Following the outbreak of conflict in Ethiopia’s Tigray region in early November 2020 eastern Sudan has welcomed more than 60,000 refugees who are seeking safety and protection.
Around one third of these are located in Um Raquba Camp in the eastern Sudanese state of Gadaref. An additional 40,000 refugees currently either stay in transit sites at the border awaiting transfer to better-served camps or have been transferred to camps elsewhere.
This has resulted in the fragmentation of family units and community support networks from which people would normally draw support. All the while, men, women, girls and boys in Um Raquba face the daily challenge of adjusting to life in a new land while struggling with the trauma of their experience of conflict and displacement.
Almost three months after their initial displacement, needs remain high and conditions are extremely challenging.
Elderly people, people with disabilities, the chronically ill, expectant mothers, unaccompanied children and single young people all live together in the crowded camp. While humanitarian organisations are working to help people meet their basic needs, needs still far outweigh the support available. In addition, the most vulnerable refugees such as the elderly and disabled face difficulties in accessing basic services including food and water. Others do not have safe shelter and have to live with strangers in cramped, uncomfortable conditions.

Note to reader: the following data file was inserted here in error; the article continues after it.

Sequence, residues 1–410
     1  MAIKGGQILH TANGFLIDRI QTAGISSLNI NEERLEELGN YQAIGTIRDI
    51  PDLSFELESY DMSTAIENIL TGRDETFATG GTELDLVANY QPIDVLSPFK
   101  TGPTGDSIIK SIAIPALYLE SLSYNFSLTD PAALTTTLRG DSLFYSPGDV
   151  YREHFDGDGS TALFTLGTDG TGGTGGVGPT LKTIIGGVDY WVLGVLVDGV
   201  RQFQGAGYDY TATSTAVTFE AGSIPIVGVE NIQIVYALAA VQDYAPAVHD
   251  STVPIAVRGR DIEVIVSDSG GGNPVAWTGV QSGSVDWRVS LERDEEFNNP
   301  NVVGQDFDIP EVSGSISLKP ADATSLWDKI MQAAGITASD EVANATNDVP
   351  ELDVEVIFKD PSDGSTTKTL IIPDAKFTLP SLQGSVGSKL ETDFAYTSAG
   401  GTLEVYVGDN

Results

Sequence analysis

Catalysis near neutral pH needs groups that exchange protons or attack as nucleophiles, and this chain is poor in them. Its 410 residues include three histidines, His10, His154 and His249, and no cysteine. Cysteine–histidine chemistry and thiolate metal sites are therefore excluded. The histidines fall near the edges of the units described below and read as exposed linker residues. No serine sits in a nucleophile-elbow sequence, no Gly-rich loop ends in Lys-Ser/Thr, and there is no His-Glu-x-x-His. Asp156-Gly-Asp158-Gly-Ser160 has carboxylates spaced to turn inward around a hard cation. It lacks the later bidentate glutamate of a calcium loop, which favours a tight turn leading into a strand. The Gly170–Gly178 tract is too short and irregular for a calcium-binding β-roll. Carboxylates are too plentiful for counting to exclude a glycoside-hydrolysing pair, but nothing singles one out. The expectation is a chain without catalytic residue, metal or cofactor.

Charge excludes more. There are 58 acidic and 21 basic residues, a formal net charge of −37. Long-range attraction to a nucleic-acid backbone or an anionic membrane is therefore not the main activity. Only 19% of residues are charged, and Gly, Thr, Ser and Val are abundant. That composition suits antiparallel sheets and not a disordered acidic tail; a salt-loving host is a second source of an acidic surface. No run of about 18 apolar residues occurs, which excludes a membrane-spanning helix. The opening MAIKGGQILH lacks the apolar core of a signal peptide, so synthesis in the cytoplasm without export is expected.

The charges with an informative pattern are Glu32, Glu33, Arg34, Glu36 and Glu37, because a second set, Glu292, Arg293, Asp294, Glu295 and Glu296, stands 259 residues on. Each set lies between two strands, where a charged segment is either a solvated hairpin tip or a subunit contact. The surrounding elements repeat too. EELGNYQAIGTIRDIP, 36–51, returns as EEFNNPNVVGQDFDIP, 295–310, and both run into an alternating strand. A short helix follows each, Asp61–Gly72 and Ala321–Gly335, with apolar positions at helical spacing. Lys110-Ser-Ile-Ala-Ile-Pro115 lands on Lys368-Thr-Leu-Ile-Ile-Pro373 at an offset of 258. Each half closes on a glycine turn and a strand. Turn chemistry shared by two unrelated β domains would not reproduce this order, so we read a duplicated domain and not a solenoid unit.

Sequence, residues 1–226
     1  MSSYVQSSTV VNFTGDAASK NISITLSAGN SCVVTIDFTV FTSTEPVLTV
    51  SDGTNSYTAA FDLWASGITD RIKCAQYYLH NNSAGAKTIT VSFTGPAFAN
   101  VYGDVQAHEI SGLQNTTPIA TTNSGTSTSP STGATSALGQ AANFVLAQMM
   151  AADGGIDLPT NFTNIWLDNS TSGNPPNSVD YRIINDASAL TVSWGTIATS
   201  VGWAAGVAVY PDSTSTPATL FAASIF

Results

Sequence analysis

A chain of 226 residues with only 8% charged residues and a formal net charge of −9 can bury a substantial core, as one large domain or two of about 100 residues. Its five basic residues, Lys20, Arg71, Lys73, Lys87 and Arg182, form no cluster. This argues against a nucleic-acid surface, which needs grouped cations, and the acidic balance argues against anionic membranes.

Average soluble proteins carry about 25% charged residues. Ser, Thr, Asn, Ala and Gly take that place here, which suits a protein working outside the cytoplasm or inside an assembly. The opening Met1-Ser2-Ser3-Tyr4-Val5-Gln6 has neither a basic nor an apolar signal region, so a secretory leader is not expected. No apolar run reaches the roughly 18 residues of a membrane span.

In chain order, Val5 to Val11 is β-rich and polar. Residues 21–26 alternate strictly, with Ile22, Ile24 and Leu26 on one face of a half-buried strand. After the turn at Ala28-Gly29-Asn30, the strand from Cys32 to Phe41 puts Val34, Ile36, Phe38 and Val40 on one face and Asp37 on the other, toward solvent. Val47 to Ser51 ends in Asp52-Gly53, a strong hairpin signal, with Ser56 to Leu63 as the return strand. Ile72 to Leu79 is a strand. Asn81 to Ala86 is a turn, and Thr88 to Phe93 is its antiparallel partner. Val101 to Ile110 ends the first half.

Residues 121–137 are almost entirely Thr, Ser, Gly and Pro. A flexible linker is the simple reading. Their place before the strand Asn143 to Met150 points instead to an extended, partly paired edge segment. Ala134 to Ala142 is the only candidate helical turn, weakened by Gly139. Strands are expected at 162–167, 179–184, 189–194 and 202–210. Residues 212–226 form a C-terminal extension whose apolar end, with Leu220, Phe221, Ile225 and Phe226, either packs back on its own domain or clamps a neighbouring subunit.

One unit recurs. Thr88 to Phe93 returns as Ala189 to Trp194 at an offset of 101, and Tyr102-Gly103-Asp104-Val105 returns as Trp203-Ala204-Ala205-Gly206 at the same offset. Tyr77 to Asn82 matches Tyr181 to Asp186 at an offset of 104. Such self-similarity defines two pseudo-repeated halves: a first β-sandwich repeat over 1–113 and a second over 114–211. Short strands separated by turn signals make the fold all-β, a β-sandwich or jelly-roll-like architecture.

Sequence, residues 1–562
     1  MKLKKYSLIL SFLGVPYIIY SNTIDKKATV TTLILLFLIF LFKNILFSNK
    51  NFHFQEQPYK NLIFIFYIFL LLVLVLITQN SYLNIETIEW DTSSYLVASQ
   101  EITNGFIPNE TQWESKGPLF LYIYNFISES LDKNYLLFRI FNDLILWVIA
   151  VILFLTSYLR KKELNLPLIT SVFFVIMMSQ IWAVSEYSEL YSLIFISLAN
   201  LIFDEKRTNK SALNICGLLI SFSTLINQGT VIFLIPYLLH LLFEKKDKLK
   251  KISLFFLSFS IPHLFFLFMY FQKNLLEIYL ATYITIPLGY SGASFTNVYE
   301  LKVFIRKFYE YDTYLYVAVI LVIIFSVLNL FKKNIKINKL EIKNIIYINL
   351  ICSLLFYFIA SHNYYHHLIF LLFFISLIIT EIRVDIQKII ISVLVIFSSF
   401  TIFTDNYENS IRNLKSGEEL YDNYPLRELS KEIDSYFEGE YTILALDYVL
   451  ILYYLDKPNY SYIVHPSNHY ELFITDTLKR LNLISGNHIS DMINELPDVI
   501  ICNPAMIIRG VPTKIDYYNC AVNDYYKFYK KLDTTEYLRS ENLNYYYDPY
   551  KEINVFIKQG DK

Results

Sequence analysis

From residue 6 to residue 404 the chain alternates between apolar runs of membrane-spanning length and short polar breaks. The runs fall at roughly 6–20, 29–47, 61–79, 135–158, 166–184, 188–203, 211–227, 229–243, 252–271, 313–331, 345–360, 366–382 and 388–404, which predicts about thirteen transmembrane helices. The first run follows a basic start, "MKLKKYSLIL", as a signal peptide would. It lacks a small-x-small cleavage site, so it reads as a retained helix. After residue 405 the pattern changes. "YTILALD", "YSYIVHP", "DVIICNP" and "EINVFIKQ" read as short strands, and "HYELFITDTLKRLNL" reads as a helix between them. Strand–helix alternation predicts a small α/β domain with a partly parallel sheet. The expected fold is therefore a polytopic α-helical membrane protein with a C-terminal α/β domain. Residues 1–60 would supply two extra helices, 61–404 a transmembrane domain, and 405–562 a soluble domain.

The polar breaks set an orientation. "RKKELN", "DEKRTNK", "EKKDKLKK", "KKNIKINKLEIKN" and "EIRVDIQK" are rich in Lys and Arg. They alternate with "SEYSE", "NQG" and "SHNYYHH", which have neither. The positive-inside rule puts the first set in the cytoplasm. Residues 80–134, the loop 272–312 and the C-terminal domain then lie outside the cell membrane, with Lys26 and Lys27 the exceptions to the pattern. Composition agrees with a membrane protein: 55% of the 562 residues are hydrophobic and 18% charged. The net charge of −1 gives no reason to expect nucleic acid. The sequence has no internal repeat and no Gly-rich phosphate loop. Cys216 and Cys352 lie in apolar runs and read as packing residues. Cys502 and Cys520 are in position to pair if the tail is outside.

The Danish Refugee Council (DRC) has been present in Um Raquba since early December and is striving to ensure that refugees have their essential needs met and that they are able to live in safety and dignity.
As a large portion of the refugees have specific and underserved needs, DRC is prioritizing targeted assistance to particularly vulnerable individuals, including provision of assistive devices to people with mobility issues, or accompanying survivors of gender-based violence to access emergency medical care and safe accommodation.
Looming ahead is the rainy season, which is due to start in just a few months. Being situated in a very remote location, the roads into Um Raquba Camp will become impassable, and conditions are such that tents are likely to flood or wash away, and standing water and flooded latrines will bring added risk of disease. As a result, people in the camp face an uncertain future.
DRC, therefore, urges humanitarian stakeholders, including the international donor community, to provide urgent support in addressing unmet humanitarian and protection needs for vulnerable Ethiopian refugees.